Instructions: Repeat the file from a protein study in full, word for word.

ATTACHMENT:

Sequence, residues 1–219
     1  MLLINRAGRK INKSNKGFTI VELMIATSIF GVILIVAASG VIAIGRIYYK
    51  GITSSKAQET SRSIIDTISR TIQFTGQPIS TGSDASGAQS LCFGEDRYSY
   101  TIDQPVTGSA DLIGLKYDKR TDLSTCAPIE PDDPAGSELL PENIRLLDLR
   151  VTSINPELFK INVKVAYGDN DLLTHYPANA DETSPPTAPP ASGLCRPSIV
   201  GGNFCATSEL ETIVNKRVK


Sequence, residues 1–219
     1  MLLINRAGRK INKSNKGFTI VELMIATSIF GVILIVAASG VIAIGRIYYK
    51  GITSSKAQET SRSIIDTISR TIQFTGQPIS TGSDASGAQS LCFGEDRYSY
   101  TIDQPVTGSA DLIGLKYDKR TDLSTCAPIE PDDPAGSELL PENIRLLDLR
   151  VTSINPELFK INVKVAYGDN DLLTHYPANA DETSPPTAPP ASGLCRPSIV
   201  GGNFCATSEL ETIVNKRVK